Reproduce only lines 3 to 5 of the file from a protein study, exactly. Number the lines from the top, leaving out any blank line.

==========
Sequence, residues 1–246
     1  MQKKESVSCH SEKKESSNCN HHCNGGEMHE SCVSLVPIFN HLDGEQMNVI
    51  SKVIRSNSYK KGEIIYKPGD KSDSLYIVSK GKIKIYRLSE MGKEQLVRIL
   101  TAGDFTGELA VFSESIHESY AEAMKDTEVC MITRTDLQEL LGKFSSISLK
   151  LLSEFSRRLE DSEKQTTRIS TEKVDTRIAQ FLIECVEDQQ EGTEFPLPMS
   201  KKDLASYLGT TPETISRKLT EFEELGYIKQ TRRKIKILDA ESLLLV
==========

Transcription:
    51  SKVIRSNSYK KGEIIYKPGD KSDSLYIVSK GKIKIYRLSE MGKEQLVRIL
   101  TAGDFTGELA VFSESIHESY AEAMKDTEVC MITRTDLQEL LGKFSSISLK
   151  LLSEFSRRLE DSEKQTTRIS TEKVDTRIAQ FLIECVEDQQ EGTEFPLPMS